I find unusual lives very interesting. I can't even remember how I learned about Omai, a Polynesian who traveled to Britain in the 18th century. Oh yes, he apparently knew Tupaia who traveled with Cook to New Zealand. This turned out lucky, because Tupaia could speak with the Maori. He unfortunately died of illness later on in the journey. It's still not entirely clear how Omai ended up on another ship bound for Britain. It seems that things didn't work out entirely too well for him, but the only information I have is what I have been able to read of Richard Connaughton's Omai: The Prince Who Never Was on Google Books. This book seems very readable and entertaining, but it hasn't impressed me with the quality of its analysis. Anyway... what would really interest me is to know what Omai made of Britain. How would he tell his own story and the story of the strange country he visited. It's rather like an Erewhon in reverse.
Connaughton's primary thesis has to do with class identity. According to him, Omai's low class in Tahitian society was permanently engrained in his tatoos, and he was 'spoiled' by being received as a 'prince' in British society. It's difficult to comment without more information.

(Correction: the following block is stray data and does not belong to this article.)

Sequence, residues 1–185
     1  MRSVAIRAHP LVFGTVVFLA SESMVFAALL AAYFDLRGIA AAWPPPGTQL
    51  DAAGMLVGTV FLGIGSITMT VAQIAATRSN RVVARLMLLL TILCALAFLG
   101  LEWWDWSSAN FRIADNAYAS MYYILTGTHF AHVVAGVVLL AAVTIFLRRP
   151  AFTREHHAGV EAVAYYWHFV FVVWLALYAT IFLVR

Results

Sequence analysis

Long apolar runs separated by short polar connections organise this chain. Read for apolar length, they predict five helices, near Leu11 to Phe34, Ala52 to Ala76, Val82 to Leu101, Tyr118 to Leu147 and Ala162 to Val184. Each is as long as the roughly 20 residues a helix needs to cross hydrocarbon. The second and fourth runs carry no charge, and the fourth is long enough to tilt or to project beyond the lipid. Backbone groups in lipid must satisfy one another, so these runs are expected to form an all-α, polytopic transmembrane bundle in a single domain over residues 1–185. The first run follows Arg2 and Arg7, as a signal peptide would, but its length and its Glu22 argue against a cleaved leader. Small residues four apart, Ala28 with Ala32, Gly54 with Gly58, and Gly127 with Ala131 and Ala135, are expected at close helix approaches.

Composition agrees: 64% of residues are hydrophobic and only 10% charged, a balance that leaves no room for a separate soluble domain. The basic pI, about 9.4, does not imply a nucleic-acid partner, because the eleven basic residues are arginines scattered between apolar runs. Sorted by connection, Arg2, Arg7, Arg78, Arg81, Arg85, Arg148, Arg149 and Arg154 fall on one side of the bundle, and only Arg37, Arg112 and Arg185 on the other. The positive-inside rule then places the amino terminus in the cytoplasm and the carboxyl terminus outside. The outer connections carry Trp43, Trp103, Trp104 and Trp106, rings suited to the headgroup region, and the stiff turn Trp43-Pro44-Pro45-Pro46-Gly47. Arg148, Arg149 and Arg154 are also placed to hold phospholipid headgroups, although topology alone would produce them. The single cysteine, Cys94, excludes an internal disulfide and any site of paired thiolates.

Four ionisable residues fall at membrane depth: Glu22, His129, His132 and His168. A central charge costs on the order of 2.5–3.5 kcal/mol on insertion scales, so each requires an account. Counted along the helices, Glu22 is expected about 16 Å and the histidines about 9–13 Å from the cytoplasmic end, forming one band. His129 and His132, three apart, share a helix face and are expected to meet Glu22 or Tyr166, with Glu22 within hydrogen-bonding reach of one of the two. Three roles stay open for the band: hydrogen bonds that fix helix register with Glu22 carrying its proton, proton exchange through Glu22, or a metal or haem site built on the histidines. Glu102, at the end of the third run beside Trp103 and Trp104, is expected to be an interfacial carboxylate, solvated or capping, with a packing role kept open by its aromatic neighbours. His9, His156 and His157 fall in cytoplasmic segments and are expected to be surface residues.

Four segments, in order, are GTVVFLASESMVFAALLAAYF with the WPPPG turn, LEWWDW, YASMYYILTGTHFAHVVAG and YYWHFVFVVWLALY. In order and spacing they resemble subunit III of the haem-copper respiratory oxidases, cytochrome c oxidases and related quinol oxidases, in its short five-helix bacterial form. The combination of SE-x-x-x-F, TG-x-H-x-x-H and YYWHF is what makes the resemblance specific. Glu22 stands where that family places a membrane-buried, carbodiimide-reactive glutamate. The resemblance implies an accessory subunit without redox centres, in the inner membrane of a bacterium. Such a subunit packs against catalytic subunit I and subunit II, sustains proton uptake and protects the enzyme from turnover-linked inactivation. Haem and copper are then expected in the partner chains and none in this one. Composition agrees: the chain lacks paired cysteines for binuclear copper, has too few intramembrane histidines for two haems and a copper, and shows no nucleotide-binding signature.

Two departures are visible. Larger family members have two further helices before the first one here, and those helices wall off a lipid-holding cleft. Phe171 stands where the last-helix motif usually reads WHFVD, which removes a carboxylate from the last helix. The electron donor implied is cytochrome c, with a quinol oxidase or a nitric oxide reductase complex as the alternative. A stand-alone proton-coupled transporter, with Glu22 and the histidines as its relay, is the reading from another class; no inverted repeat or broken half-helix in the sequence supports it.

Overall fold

It was while reading Connaughton's book that I discovered another person out of place. The second ship to visit Tahiti was the Etoile, captained by Bougainville. The botanist and doctor's assisstant was a Jeanne Baré. She was dressed as a man and apparently fooled the entire ship's crew, until she reached Tahiti, and was instantly recognised as female by the Tahitians. She became the first woman to circumnavigate the world and seems to have enjoyed it rather. I would love to hear her story too. I think the discovery to her female identity may have posed her some problems too. I also wonder how the rest of her life played out. Graham Robb's book, The Discovery of France paints a rather grim picture of the lives of ordinary French people at the time, and it does seem that she didn't adopt a male identity solely so she could go off on adventures. That's why we had a revolution as I recall.